Life is Beautiful (Roberto Begnini, 1997)

War was raging in Europe as Guido was becoming a man. Through his hilarious antics and charming wit you are drawn to him as he falls in love with Dora, a beautiful young Italian woman. They marry and have a son, Giosue. When Giosue is four, the Nazis capture the family and take them to a concentration camp for Jews. Guido and Giosue are separated from Dora, and Guido must think and act quickly in order to save his son—creating a film unlike any other holocaust era film you’ll ever see.

Guido gave his son the gift of never knowing the true extent of the evil he was surrounded by. He framed his son’s world with beauty, fun, laughter, and tenderness, even though their lives were hanging in the balance every minute. Beautiful!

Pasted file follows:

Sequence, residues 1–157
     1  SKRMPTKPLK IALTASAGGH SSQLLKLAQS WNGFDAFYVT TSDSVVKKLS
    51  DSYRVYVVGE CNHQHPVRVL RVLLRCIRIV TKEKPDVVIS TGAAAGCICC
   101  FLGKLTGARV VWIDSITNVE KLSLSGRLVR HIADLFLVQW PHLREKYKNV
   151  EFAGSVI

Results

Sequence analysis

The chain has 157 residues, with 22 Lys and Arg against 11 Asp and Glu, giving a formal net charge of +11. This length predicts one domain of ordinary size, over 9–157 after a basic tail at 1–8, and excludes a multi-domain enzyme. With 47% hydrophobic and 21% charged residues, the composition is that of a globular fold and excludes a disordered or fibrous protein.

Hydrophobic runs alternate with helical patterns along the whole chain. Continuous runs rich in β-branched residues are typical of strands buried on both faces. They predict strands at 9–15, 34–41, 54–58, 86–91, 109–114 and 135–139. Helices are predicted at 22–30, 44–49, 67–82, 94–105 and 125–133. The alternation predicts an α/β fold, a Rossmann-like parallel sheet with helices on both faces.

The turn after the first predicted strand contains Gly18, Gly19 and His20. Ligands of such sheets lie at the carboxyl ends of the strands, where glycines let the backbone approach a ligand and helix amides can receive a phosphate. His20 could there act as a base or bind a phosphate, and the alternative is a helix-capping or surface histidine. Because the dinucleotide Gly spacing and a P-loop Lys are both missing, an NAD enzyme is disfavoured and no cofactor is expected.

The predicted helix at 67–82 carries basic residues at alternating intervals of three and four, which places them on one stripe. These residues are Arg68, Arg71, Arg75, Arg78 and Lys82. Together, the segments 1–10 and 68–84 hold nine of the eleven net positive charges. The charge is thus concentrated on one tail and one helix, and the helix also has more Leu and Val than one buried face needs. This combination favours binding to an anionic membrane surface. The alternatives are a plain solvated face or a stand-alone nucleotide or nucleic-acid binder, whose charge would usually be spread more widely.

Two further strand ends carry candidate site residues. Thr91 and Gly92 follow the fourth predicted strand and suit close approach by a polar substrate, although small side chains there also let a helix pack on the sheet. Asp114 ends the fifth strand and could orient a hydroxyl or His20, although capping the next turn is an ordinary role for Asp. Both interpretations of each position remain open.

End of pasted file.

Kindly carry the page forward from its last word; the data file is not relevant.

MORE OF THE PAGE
I have watched this film a couple of times now, and I have read the reviews that call this film disrespectful to the victims of the holocaust. I have also read that this film won the Jerusalem Jewish Experience Award—a high honor given by the Jewish people.

And I do recognize honor in what I saw. To offer an explanation that shields the horrors of fascism from my little boy is something I would do every day of the year if I had to. This film, to me, lives up to its title. Guido offers a life that is beautiful to his son, even though their world is a very fallen and hard place. And I am struck by his determination to keep the game going, even though he is exhausted and oppressed. It is in this perseverance that Guido reflects Jesus’ words to me, “Greater love has no man than this, that he lay down his life for his friends (Jn. 15:13).” Guido did this for Giosue from the moment his son asked why Jews and Dogs couldn’t go into that shop. This is truly beautiful.